- What is APA: who developed it, who uses it and why?
- General rules for using APA format:
- Cover/title page
- Main components of a good APA paper:
- Main body
- Introduction and conclusions
- Some examples and practical tips on APA style usage
After developing the outline, it becomes clear what the author has to cover in the readings, or preparatory materials, for writing the article. Once the text is ready, the outline then serves as a guide for the reader to show which sections the text will cover.
What Is a Good Abstract in APA format?
The abstract is a very condensed and informative paragraph that contains the main information the reader should know about the text before even reading it. Writing abstracts is an art on its own. In a short abstract that is just 200 words (or more if the text is longer — usually it’s about 10% of the essay word count), a writer should clearly state the main idea of the text, its objectives, research question, methods, and key conclusions.
In terms of formatting, the abstract is formatted as a separate part of the text that stands out both contextually and visually from the rest of the main text. Usually, it is written in plain text, with no formatting and a simple “Abstract” title on the top. In the end, many scholars like to put a couple of keywords that identify the essence of the paper’s content.
Writing the Main Section of the Text in APA Format
The main section is the juice of the article. It contains all the thoughts, ideas, and arguments of the writer. It follows right after the abstract page, and has a running head on top with a shortened title written in capital letters. Each page should be numbered, with the abstract page being page 2 (the title page is counted as page 1, but the number doesn’t appear there).
The main body is broken down into a couple of sections. The main ones are the introduction, methods, arguments/discussions, and conclusions. Depending on the department or subject requirements, the arguments also have specific sections – always remember to check with the professor about what should be covered in the main body of the text. For example, for a policy report, the arguments should include a framework review, an analysis of the organization or policy challenges, and recommendations based on the academic literature.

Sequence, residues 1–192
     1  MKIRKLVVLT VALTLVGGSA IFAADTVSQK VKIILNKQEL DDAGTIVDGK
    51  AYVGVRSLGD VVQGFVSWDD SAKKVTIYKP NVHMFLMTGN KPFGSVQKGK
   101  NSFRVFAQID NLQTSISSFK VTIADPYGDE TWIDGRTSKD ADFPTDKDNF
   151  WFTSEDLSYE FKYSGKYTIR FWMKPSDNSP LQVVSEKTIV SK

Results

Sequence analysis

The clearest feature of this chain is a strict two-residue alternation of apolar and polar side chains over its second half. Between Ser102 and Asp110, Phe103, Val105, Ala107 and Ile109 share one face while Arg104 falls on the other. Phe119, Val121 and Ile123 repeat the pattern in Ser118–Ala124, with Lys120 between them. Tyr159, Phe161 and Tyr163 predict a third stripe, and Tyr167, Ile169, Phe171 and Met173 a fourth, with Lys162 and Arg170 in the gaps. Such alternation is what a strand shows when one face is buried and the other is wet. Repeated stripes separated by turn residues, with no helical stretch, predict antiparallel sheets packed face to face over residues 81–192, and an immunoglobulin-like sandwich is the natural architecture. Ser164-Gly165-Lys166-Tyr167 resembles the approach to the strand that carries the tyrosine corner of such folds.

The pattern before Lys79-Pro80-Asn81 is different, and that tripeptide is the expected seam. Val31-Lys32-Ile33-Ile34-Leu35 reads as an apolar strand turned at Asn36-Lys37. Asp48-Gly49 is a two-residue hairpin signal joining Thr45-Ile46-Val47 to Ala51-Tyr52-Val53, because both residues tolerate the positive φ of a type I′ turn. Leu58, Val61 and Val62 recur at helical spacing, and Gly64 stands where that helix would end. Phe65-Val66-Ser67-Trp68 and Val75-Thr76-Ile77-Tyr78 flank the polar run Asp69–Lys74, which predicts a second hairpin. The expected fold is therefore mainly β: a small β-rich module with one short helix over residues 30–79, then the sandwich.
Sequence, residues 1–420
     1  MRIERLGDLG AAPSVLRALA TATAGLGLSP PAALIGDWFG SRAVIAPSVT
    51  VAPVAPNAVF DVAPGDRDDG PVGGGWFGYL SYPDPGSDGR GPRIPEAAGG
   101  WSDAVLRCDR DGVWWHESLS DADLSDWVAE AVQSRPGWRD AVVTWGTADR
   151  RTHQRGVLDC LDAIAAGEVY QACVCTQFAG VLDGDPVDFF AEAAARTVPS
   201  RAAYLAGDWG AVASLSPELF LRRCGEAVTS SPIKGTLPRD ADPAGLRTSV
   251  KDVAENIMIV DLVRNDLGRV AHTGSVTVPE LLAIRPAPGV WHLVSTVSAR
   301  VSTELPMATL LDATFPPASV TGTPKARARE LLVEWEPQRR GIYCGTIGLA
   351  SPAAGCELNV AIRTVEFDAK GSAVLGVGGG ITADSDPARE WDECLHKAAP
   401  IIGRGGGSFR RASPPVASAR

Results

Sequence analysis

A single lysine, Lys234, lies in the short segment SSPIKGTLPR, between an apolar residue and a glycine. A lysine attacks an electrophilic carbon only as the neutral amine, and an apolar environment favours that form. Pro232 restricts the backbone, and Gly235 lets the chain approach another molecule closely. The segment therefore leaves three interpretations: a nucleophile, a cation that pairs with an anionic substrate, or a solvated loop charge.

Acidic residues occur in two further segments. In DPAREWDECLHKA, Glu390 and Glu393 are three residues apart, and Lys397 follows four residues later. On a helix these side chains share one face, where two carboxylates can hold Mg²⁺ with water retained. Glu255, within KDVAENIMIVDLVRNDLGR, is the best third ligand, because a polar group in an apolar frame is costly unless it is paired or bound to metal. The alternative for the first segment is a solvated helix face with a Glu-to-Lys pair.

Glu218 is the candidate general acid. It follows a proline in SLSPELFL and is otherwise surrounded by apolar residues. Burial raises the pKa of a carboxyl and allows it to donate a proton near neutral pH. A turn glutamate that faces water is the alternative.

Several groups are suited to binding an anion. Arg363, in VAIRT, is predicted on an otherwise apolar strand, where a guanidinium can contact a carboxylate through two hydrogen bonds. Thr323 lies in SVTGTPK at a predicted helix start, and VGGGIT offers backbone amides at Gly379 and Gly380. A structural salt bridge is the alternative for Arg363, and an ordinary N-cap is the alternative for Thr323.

Each section (methods, conclusions, and discussions) should begin with a new paragraph and have a title. It can be something as simple as “Methodology”, or something more elaborative like “Results of Analysis How Sanitation Affects Literacy”. Discussions or arguments should be the largest part of the text, that is why the main body is often divided into subsections – to present and elaborate on results in a structured manner.
Depending on the area and specific requirements put forth by the course, here are two APA main body examples in terms of what sections they should cover.
APA main body example 1: quantitative discipline/research results
Introduction: higher contraceptive prevalence is known to reduce HIV
Methods: regression analysis of HIV and contraception prevalence in lower middle-income countries
Results: statistically significant negative effect of contraception on HIV
Discussion: Why contraception lowers HIV; In what conditions it works better/worse; Case study
Conclusion: use of contraception can reduce HIV in countries where current contraceptive prevalence is lower than 20%
APA main body example 2: political science policy report
Introduction: high alcohol consumption is a threat to public health
Framework for analysis: a review of different country policies to lower alcohol consumption
Application of framework: Which policy can work best for country X and why; Context of country X; Benefits of using approaches A, B, C; Costs of using approaches A, B, C
Recommendations: given country’s X political situation and national economic status, it can employ approach A to reduce alcohol consumption
Conclusion: country X should consider doing A and expect the following results within 5 years